Can commuting be good for you?
According to a 2012 study in the American Journal of Preventive Medicine, people with longer commutes had higher blood pressure, bigger waistlines, and were less fit than those who worked closer to home. Swedish research from the year before found that couples in which at least one partner commutes long distance are 40 percent more likely to separate than other twosomes. What to do? We turned to time-management guru Laura Vanderkam, author of What the Most Successful People Do Before Breakfast, and other experts for advice. (Watch out for these signs that your commute is making you sick.)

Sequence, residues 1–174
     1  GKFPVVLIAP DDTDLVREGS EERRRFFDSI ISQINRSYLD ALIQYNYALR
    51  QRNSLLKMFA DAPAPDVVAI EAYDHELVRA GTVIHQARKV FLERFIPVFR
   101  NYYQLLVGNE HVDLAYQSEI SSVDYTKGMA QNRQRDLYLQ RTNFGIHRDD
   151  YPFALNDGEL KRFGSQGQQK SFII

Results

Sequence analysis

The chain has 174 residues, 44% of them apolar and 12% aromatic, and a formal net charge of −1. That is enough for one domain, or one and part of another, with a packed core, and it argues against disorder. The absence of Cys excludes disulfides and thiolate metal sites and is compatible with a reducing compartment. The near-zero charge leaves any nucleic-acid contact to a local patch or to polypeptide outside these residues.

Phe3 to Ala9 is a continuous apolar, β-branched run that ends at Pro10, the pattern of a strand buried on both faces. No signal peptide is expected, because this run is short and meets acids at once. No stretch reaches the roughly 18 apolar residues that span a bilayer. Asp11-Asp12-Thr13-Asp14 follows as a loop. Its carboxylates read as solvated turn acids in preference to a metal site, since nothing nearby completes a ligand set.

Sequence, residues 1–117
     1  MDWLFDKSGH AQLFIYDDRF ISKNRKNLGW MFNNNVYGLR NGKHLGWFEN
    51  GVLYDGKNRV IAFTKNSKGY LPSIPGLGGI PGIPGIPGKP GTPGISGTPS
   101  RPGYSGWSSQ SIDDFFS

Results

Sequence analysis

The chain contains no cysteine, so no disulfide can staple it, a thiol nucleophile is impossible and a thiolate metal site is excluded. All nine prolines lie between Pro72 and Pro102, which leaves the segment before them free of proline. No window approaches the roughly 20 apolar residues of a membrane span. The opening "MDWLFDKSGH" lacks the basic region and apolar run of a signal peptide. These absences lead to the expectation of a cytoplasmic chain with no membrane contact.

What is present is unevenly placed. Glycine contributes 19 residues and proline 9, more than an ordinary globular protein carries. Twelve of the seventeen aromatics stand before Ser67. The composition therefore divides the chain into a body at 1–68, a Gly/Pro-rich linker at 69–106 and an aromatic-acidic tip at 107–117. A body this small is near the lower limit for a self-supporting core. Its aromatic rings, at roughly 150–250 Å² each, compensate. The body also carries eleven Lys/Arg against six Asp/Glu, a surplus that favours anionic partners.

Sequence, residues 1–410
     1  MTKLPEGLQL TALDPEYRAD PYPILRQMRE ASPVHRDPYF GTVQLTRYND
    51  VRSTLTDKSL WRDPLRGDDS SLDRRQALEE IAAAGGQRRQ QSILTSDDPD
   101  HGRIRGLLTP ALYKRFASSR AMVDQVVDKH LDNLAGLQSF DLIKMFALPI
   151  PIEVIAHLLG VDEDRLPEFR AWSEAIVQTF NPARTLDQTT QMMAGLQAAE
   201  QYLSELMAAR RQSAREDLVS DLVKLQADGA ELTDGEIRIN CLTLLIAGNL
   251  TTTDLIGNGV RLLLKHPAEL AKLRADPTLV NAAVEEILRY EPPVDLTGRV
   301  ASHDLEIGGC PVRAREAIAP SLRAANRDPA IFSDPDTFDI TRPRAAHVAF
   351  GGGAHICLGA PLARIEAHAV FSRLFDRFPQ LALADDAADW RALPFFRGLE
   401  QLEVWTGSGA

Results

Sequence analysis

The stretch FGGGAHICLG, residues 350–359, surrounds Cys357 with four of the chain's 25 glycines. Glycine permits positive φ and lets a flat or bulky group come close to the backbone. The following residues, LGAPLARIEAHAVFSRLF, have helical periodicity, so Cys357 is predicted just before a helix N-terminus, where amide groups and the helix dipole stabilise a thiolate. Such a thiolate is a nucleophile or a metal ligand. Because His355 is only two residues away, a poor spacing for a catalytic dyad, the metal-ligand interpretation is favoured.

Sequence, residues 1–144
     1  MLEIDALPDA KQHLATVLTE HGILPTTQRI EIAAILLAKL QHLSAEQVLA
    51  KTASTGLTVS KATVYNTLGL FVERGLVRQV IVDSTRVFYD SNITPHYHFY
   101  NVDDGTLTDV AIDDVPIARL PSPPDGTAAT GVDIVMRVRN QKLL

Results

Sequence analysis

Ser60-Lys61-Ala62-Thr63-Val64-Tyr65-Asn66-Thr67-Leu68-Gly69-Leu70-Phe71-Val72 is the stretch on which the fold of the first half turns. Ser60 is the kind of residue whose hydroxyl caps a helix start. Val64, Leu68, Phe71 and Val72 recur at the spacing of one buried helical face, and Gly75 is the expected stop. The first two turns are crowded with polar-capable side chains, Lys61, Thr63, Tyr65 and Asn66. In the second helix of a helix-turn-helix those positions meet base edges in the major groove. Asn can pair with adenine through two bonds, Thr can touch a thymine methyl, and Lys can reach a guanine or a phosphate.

* This writer has a 120-minute commute each way. She is very grateful for e-books.
They set that day’s goals
In a LinkedIn blog post, Thomas Oppong, author of Building Smarter Habits, notes that successful people begin with the end in mind—they know what they wish to accomplish. “Start your day by working on the projects that inspire you most and you will be more productive and achieve your goal faster whilst minimizing procrastination,” he says.
They make time for personal growth
Instead of defaulting to checking work email, Vanderkam recommends asking yourself, “‘What do I want to accomplish? What can I do now that I’m having trouble making time for elsewhere?’” she says. “Use your commute for personal time.” She frequently hears people miss reading for fun, and recommends audio or e-books. “You can ‘read’ the entire Odyssey in three weeks,” Vanderkam notes. (If you’re not doing this while driving, your commute could be toxic.)